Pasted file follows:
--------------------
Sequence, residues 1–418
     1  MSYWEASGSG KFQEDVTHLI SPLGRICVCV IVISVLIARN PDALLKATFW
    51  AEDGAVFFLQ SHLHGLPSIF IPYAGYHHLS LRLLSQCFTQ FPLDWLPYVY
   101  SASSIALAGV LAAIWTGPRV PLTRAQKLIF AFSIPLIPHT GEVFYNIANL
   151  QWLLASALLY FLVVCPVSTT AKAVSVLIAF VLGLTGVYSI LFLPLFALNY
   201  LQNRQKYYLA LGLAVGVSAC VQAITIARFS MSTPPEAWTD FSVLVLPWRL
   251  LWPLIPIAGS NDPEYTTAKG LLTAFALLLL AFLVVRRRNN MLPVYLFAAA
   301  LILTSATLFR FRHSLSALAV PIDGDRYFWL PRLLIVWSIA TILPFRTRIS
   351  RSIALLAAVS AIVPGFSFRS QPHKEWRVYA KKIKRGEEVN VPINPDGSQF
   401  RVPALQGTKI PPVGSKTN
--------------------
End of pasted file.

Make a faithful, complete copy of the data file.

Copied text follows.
Sequence, residues 1–418
     1  MSYWEASGSG KFQEDVTHLI SPLGRICVCV IVISVLIARN PDALLKATFW
    51  AEDGAVFFLQ SHLHGLPSIF IPYAGYHHLS LRLLSQCFTQ FPLDWLPYVY
   101  SASSIALAGV LAAIWTGPRV PLTRAQKLIF AFSIPLIPHT GEVFYNIANL
   151  QWLLASALLY FLVVCPVSTT AKAVSVLIAF VLGLTGVYSI LFLPLFALNY
   201  LQNRQKYYLA LGLAVGVSAC VQAITIARFS MSTPPEAWTD FSVLVLPWRL
   251  LWPLIPIAGS NDPEYTTAKG LLTAFALLLL AFLVVRRRNN MLPVYLFAAA
   301  LILTSATLFR FRHSLSALAV PIDGDRYFWL PRLLIVWSIA TILPFRTRIS
   351  RSIALLAAVS AIVPGFSFRS QPHKEWRVYA KKIKRGEEVN VPINPDGSQF
   401  RVPALQGTKI PPVGSKTN